- 1 Transport mode tags
- 2 Assume that closed way is always an area
- 3 Electronic information signs
- 4 Name tag
- 5 ref:IFOPT
- 6 Platforms as multipolygons
- 7 railway=platform duplicates public_transport=platform.
- 8 Using highway=footway
- 9 What's the difference between shelter and covered
- 10 Bus stop without infrastructure
- 10.1 Existing tags and descriptions
- 10.2 Previous questions
- 10.3 How to map?
- 10.4 Discussion
Can I suggest that we recommend the use of 'mode' tags (train/bus etc) with platforms which will make it much easier to down-stream software to represent the data without getting into relations etc? PeterIto 11:06, 3 April 2012 (BST)
- Do you mean bus=yes, tram=yes and so on? --Teddych 11:55, 3 April 2012 (BST)
- If we do this, we will soon face inconsistencies with the mode of the associated stop_postion. Dont like the idea of perpedually fixing that manually. We schould not repeat the same piece of information. Nzara 12:29, 7 April 2012 (BST)
- In the last version (9979) JOSM is asking me to add bus=yes platforms, though not mentioned here that should be so. Corecto what is it? Is not add or mode of transportation? AgusQui 25 March 2016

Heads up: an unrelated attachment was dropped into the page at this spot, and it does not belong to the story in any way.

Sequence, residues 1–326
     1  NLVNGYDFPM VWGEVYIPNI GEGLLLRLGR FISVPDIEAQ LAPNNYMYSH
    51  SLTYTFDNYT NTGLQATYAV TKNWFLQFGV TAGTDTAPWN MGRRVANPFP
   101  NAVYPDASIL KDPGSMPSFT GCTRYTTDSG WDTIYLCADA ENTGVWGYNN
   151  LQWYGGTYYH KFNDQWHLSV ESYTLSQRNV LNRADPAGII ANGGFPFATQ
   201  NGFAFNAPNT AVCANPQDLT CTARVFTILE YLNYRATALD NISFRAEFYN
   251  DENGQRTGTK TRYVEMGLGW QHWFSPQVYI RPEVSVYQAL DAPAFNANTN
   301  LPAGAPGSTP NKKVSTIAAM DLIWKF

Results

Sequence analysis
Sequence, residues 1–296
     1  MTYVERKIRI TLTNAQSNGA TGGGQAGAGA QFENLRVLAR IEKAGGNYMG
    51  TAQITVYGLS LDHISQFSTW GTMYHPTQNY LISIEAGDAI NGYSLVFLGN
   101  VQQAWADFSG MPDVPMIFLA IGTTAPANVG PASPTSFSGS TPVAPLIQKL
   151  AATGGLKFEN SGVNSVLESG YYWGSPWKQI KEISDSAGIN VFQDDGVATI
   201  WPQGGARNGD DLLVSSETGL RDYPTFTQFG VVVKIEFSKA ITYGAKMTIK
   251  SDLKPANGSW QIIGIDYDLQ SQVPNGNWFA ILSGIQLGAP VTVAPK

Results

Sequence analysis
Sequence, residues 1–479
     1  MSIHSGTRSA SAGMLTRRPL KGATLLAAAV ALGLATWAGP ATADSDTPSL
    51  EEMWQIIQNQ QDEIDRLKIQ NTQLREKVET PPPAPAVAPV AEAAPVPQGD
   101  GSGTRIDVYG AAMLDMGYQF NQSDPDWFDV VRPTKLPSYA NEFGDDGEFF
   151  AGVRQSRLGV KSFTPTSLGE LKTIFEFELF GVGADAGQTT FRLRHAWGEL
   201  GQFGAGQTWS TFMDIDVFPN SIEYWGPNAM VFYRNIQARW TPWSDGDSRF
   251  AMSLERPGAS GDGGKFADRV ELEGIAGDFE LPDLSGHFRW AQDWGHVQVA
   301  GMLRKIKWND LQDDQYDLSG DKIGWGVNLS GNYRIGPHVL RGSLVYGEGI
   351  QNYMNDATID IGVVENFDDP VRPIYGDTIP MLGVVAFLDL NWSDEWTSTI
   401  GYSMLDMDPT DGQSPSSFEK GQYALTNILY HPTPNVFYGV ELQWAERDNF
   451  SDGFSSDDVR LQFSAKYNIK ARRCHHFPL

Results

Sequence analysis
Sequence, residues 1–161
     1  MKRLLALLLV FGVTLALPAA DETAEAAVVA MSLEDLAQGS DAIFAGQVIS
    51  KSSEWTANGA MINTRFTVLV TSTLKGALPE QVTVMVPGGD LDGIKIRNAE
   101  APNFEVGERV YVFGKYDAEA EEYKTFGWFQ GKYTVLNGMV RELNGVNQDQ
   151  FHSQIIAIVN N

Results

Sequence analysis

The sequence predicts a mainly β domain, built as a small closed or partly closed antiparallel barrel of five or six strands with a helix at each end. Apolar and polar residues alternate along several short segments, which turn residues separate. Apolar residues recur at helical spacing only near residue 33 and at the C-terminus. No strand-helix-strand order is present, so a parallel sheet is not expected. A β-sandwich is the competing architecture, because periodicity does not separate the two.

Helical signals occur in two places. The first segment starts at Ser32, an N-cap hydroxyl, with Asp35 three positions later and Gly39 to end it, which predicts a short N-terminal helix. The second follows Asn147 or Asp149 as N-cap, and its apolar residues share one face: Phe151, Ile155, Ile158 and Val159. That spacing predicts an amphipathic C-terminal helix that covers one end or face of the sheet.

Assume that closed way is always an area
As pointed in this mailing list thread, a linear platform on a closed way does not exist in real world. Either it is supplying several stop areas or stations, in which case the way has to be split, or it is an area. I think we can safely assume that a closed way tagged as platform is always an area and therefore the tag area=yes is unnecessary in a modeling point-of-view. But the tag might be added as a workaround until rendering tools like mapnik/osm2pqsql support the correct assumption. --Pieren 16:05, 7 May 2012 (BST)
- I confirm this. --Teddych 17:28, 7 May 2012 (BST)
What about public_transport=platform mapped as an area and highway=footway ? I would in my opinion consider that public_transport=platform is always assumed to be accessible by foot, so highway=footway should be implicit. But we probably still have to add it until routing softwares got that thing. Then the problem is that if we don't add area=yes, the the highway=footway wont be considered as an area. What's the better option in that case? (sorry for my maybe inaccurate english, i'm french...) --Leptitmouton (talk) 21:20, 11 February 2017 (UTC)
Electronic information signs
I would like to be able to tag public transport platforms as to whether they have electronic information signs or not (e.g. the signs that give you the next X buses/trains/trams to arrive, with arrival time/route). Does anyone have a good idea for a tag? I was thinking something like digital_signage=yes Spark 22:40, 1 October 2012 (BST)